Hatch Survives Planning Commission Challenge; Supporters Say His Questions Support Transparency

Aaron Hatch, foreground, awaits his fate during Tuesday’s Redding City Council meeting. Photo by Aaron Dobson

Aaron Hatch, chair of the Redding Planning Commission, walked into Tuesday’s City Council meeting expecting to be relieved of his volunteer post for allegedly creating a “toxic and divisive” environment.

He walked out of the meeting with his position intact and, after listening to a chorus of supporters speak to his intelligence and character, he received encouragement from two council members to seek higher office.

The two-hour hearing was prompted by a motion from Mayor Tenessa Audette, with initial support from Councilmember Julie Winter, to have Hatch removed from the commission with a year left on his four-year term. The two felt Hatch had disparaged the city’s top planner and essentially accused him of corruption during his comments at the conclusion of the April 9 commission meeting.

At that meeting, Hatch questioned why planning commissioners were told not to speak at the City Council’s March 26 meeting when the council took up, and ultimately approved, an updated general plan for Redding.

The Planning Commission had just spent 14 months poring over the plan—a document intended to direct Redding’s growth over the next 20 years—and Hatch was eager to share his thoughts with the council. Less than two hours before the meeting, Hatch said commissioners were advised not to comment at the council meeting, ostensibly to prevent a potential Brown Act violation.

Aaron Hatch. Photo by Jon Lewis

Noting that members of other city commissions and boards frequently address the council, Hatch said the 11th-hour advice was “nonstandard” and “felt like staff was trying to design a specific outcome” with the council. Specifically, since the commission voted 3-3 on the general plan (“a hung jury”) Hatch said commissioners wanted to explain their reasoning during the council’s 3-minute public comment period.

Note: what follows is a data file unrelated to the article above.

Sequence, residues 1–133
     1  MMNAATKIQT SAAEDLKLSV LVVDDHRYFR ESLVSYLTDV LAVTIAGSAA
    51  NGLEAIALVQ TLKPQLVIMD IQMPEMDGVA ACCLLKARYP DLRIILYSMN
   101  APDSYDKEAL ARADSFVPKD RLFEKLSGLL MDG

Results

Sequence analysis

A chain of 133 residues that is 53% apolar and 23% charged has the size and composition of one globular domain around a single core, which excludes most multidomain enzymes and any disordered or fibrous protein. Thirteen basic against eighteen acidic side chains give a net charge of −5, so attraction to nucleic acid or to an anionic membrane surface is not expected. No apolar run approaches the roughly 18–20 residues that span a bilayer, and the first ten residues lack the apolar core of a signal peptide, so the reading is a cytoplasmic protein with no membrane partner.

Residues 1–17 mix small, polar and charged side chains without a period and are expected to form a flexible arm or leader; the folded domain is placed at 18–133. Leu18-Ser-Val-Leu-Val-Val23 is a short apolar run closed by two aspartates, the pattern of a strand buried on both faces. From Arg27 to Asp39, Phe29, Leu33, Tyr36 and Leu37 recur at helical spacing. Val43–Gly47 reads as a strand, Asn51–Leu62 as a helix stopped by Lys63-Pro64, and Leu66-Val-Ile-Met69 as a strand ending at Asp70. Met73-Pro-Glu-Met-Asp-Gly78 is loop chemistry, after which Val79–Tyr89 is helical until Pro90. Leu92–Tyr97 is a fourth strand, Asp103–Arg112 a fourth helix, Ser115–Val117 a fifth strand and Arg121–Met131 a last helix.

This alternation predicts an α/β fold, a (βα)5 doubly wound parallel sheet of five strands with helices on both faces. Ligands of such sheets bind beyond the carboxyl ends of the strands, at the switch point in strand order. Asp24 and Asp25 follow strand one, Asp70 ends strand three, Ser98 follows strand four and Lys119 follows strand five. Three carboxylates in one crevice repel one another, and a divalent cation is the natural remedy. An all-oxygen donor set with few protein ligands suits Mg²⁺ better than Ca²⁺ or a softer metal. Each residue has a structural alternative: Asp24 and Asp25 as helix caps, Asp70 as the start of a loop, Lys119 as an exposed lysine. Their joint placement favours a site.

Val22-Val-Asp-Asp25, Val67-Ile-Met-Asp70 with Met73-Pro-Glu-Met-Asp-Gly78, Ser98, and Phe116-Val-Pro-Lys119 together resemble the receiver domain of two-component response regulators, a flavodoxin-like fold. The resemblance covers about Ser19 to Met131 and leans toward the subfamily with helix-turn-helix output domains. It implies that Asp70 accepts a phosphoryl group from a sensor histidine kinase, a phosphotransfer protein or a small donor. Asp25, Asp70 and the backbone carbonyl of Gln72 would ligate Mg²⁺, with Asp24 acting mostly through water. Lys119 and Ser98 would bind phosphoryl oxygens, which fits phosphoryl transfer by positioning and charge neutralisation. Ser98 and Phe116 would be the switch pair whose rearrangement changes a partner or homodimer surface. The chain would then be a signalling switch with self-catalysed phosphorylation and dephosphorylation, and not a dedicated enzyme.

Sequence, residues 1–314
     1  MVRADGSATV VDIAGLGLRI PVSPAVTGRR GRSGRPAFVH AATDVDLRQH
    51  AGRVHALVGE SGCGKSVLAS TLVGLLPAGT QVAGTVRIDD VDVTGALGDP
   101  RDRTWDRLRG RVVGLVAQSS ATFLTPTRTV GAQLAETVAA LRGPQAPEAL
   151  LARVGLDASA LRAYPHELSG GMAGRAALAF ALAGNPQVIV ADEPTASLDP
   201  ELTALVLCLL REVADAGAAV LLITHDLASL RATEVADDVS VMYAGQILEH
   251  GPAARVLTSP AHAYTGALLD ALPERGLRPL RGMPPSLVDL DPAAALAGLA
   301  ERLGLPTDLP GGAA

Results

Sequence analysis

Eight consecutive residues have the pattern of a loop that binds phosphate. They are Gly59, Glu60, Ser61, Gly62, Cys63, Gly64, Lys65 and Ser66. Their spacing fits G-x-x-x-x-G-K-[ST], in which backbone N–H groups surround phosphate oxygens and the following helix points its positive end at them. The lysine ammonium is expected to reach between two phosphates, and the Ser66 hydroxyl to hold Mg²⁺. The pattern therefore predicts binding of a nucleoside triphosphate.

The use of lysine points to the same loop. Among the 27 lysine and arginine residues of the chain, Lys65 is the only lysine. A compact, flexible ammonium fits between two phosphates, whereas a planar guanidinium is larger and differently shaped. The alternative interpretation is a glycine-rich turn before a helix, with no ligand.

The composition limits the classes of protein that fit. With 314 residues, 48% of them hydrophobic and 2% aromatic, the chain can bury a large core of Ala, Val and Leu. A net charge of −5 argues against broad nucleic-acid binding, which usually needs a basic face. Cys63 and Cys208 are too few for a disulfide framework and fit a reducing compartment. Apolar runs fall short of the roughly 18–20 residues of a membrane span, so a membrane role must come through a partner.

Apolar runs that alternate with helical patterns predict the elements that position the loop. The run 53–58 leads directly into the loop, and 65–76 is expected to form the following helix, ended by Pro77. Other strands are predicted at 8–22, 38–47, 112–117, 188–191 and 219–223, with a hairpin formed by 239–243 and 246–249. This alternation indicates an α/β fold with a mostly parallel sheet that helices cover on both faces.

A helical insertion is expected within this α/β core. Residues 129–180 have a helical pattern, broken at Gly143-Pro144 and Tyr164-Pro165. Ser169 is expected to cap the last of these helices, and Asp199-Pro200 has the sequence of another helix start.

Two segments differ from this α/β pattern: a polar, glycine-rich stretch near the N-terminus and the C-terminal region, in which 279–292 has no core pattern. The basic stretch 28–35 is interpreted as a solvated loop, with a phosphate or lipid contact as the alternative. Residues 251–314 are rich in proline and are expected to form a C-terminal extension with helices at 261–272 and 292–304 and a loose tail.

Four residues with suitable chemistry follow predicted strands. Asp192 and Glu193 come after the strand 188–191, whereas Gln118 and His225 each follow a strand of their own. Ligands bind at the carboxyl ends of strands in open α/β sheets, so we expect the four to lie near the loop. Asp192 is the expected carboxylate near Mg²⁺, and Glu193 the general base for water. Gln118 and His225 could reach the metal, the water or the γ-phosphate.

At that April 9 meeting, City Attorney Christian Curtis said he was informed late that enough planning commissioners to constitute a quorum would be attending the council meeting and he wanted to avoid a violation of the Brown Act.

General plan background

At Tuesday’s meeting, Audette, who serves as the council liaison to the Planning Commission, said she watched as commissioners deliberated over language and tone in the general plan. Specifically, the commission argued for more declarative and directive language like “shall” while planning staff countered with aspirational language like “strive.”

Tenessa Audette. Photo by Jon Lewis

In talks with staff and other experts, Audette said she learned that the more directive-leaning a general plan is, the more a city is exposing itself to lawsuits. Nonetheless, she said, commissioners continued to press for more declarative language. Hatch alone made 100 requests for changes, more than all other commissioners combined, Audette said.

“All of his requests were addressed,” Audette said. “Staff wanted to work with him. They wanted to make it work.”

Hatch stepped over the line at the April 9 meeting when he “politely accused the staff of corruption,” Audette said. “As mayor, I’m standing up for staff. I’m setting a standard for acceptable rhetoric.”

Julie Winter. Photo by Jon Lewis

At the April 16 council meeting, Audette and Winter both said Hatch needed to be removed from the Planning Commission due to his creating a “toxic” environment. That led to Tuesday’s showdown.

The first to address the council during the public comment section, Hatch said he felt he was raising legitimate concerns when he talked about the legal advice to remain silent. “I offered feedback in a professional tone. In no way was it meant to create any toxicity with staff or the city attorney.”